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Weyerhaeuser biologist Henning Stabins recently designed a forest habitat project on our Fogg Farm tract, a 1,200-acre parcel in central Maine. To get the project rolling, Wildlife Management Institute biologist Gary Donovan, U.S. Geological Survey woodcock researcher Dan McAuley, and Kevin White of the USDA Natural Resources Conservation Service joined Stabins for a tour of the Fogg Farm. The effort centered on how commercial timber harvests could be created to favor woodcock and their habitat needs. A mosaic of habitat blocks are being created on a 40-year harvest cycle (approximate) to maintain and enhance suitable conditions that include open grasslands, log landings and other strategically placed small clearings, which function as roosting and courtship areas.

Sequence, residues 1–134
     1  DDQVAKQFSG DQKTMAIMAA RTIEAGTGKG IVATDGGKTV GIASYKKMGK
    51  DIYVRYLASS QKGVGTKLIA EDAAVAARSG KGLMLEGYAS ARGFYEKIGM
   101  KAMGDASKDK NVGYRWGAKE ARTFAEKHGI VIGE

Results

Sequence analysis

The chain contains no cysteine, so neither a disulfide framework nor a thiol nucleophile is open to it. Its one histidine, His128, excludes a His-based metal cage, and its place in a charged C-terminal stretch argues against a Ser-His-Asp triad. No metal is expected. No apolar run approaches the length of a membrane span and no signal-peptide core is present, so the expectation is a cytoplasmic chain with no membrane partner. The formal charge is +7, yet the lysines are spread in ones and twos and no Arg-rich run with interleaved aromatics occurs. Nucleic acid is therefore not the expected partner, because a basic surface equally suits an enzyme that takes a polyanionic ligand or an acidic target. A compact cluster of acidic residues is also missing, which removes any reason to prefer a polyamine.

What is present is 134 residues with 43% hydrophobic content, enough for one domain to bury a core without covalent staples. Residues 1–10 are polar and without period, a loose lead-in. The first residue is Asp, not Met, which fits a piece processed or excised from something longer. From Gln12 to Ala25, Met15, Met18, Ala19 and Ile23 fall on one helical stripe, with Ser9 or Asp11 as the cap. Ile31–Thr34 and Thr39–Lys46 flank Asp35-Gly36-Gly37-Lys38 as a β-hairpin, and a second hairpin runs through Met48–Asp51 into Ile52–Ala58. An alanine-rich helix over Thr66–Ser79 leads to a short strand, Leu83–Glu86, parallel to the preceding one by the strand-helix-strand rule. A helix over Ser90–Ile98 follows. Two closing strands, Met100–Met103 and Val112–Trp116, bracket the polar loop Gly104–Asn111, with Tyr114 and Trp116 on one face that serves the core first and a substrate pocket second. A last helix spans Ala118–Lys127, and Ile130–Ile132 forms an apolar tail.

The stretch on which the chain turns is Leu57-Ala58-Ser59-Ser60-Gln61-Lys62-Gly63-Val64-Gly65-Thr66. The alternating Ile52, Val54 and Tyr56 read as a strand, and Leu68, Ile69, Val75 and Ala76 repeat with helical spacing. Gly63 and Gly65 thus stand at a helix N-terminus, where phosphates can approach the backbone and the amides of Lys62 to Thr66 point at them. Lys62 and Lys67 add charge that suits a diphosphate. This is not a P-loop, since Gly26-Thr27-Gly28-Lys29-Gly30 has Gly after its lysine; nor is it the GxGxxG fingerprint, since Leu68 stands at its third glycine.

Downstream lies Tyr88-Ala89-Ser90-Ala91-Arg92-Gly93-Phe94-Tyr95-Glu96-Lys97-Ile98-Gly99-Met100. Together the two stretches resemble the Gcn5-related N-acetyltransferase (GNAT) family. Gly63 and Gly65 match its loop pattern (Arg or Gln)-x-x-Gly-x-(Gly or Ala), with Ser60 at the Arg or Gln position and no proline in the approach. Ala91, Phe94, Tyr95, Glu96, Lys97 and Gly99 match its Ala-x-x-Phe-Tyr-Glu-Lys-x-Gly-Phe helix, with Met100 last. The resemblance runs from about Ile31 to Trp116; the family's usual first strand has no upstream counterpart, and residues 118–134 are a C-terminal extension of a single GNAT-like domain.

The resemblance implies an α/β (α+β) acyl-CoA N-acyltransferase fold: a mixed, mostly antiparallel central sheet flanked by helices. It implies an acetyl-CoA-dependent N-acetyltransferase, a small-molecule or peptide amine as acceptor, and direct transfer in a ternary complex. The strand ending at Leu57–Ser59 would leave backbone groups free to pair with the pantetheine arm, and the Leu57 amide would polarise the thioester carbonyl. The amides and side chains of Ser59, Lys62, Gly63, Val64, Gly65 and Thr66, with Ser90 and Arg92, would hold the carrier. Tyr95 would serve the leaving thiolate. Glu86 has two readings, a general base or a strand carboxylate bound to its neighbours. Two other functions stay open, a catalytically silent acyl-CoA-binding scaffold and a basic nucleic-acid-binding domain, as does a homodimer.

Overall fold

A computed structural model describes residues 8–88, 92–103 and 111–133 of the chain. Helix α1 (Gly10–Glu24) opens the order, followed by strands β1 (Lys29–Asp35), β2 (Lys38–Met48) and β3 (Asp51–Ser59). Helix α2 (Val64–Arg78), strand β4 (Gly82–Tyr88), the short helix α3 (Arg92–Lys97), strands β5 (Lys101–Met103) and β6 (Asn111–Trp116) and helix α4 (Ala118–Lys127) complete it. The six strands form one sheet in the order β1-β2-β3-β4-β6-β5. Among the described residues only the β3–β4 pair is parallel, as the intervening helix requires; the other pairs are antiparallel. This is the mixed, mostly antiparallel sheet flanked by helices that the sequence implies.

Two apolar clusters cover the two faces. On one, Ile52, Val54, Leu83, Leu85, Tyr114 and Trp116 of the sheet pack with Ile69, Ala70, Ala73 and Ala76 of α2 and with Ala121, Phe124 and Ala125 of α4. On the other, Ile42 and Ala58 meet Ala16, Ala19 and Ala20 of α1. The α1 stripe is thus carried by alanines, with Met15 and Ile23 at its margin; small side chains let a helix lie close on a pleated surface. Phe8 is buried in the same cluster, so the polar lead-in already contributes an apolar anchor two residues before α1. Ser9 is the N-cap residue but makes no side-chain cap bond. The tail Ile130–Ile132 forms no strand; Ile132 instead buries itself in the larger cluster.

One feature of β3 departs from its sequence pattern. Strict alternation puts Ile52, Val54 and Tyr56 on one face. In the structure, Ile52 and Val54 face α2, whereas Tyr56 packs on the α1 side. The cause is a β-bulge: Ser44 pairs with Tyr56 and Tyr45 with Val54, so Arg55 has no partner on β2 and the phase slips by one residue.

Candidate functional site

In addition to supporting U.S. Fish & Wildlife Service efforts to survey and track national woodcock population trends, we also work with local educational institutions to provide science learning opportunities and public outreach. This ongoing collaboration is one of many examples of how our scientists work with a variety of partners to ensure our sustainable forestry practices support wildlife habitat.